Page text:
ACHP Media Monitoring Report – July 20, 2017

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ACHP in the News: The constantly shifting effort to repeal and replace the ACA is not the only factor driving uncertainty in the health care marketplace. President Trump’s frequent threats to cut cost-sharing reduction subsidies has also created instability. ACHP President and CEO Ceci Connolly stressed the importance of CSR subsidies to maintain a stable market.

Administration pays July CSRs but won’t commit to future payments
The White House will not block cost-sharing subsidies scheduled to be paid to insurers today but will not commit to future payments. President Trump threatened to halt subsidy payments in the past. Experts believe ending the subsidies could cause the individual market to collapse, as insurers would be forced to raise rates or withdraw from markets entirely.

Senate mulling health care reform again
Senate Republicans are revisiting health care reform, days after a bill handcrafted by party leadership was pulled due to lack of support. Majority Leader Mitch McConnell (R-KY) is urging Senators to vote yes on a motion that would open the floor for debate and allow Senators to offer amendments to the existing bill. Senators met with the President yesterday and worked late into the night trying to find a compromise. Hardline conservatives have indicated recess should be delayed until the Senate can reach a deal.

The Senate is still divided over key provisions, including steep cuts to Medicaid. Party leaders have offered $200 billion in additional assistance to expansion states. It’s unclear if the concession is enough to secure moderate votes, and the move may anger conservative lawmakers committed to rolling back Medicaid.

McConnell had previously planned to bring a straight repeal bill to the floor for a vote. A CBO score of that plan released yesterday found that a clean repeal without replacement would lead to 32 million more uninsured, double premium costs and leave three quarters of the country uncovered by an insurer in the individual market.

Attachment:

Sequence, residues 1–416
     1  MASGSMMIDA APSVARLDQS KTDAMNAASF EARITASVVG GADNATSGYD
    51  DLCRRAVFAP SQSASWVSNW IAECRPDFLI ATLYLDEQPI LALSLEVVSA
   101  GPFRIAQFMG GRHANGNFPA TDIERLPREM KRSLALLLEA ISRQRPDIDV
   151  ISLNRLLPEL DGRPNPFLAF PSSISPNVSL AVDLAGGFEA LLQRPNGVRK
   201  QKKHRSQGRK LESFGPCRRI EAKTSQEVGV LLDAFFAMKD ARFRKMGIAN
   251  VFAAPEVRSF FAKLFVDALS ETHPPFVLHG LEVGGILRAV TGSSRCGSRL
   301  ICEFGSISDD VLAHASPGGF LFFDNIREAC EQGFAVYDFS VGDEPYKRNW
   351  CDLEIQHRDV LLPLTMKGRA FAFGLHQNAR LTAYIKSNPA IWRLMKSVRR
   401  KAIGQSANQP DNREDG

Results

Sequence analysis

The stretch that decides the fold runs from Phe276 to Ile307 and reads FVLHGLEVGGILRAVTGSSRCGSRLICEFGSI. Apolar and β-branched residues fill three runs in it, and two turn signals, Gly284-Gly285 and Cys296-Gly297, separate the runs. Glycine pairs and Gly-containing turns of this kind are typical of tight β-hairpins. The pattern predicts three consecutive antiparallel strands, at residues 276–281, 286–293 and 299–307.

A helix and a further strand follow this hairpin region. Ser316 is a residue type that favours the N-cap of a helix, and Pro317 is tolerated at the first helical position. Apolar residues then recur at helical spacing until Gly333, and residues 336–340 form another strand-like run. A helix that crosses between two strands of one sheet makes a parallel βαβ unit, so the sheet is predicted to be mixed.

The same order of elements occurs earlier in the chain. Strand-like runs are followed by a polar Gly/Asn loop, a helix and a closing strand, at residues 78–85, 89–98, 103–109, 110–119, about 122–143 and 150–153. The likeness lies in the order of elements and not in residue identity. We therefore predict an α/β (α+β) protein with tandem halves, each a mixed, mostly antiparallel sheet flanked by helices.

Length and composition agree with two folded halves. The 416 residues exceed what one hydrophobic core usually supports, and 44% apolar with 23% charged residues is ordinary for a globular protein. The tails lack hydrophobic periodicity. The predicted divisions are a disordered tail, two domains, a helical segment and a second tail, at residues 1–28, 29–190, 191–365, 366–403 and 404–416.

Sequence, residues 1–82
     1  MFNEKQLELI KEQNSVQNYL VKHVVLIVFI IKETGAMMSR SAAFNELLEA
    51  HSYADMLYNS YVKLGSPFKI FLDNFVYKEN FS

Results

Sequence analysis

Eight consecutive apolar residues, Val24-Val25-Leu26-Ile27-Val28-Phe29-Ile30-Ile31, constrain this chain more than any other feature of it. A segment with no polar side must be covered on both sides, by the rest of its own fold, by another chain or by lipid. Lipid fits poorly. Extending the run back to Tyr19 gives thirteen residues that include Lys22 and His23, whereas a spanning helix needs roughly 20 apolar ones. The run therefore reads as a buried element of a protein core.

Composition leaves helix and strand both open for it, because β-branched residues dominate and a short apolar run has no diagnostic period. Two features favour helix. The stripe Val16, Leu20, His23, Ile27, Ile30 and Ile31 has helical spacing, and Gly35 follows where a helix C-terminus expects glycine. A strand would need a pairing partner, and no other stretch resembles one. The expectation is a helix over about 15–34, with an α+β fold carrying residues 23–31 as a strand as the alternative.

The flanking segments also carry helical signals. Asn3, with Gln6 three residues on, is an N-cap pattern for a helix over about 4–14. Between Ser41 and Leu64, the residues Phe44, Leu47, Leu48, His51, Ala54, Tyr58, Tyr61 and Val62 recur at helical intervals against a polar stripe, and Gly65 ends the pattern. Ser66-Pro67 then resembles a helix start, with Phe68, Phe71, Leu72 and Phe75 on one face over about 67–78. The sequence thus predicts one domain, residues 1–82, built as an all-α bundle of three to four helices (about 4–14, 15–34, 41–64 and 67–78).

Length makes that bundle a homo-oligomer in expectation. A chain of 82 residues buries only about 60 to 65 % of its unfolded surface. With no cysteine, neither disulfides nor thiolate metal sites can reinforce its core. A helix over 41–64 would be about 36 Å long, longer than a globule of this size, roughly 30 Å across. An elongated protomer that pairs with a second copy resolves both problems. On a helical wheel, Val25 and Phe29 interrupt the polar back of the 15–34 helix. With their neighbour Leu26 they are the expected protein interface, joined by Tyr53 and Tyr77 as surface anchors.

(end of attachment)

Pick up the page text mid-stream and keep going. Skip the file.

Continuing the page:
Optimistic score of Cruz amendment draws ire of outside analysts
Independent policy experts are panning an HHS score of the Cruz amendment, which would allow insurers to sell less generous benefit packages as long as they also offered one ACA-compliant plan. The score projects lower premiums for all plans and an expansion of coverage, but assumes deductibles would reach $12,000. Policy experts have criticized the lack of transparency in the scoring process as well as the score for including unreasonable comparisons between different plan types.

Fraudulent payments cost Medicare roughly $16 billion in 2016
The Government Accountability Office (GAO) found that Medicare Advantage overpaid health plans by 10 percent in 2016, totaling more than $16 billion. CMS believes most of the overpayments come from plans and providers who approved medically necessary treatments, but failed to keep documentation and records validating those treatment decisions. The GAO is recommending an overhaul of CMS procedures because the agency did not implement processes necessary to prevent fraud.

Hospitals criticize cuts to Medicare drug subsidy
The American Hospital Association (AHA) is urging the Administration to reconsider its decision to cut a Medicare subsidy for pharmaceuticals. The subsidy was designed to help hospitals provide expensive treatments for uninsured patients. The AHA argues the cut will threaten rural and cancer hospitals.

Social Interaction May Lead to Improved Outcomes for Cancer Patients
Researchers from the National Human Genome Research Institute recently published a study that found cancer patients were more likely to survive for five years or more after undergoing chemotherapy if they interacted with other patients who also survived for five or more years after treatment. The study’s author attributes part of the findings to patients following healthy behavior modeled by previous survivors. Data for the study was collected from electronic medical records from two major hospitals in the United Kingdom.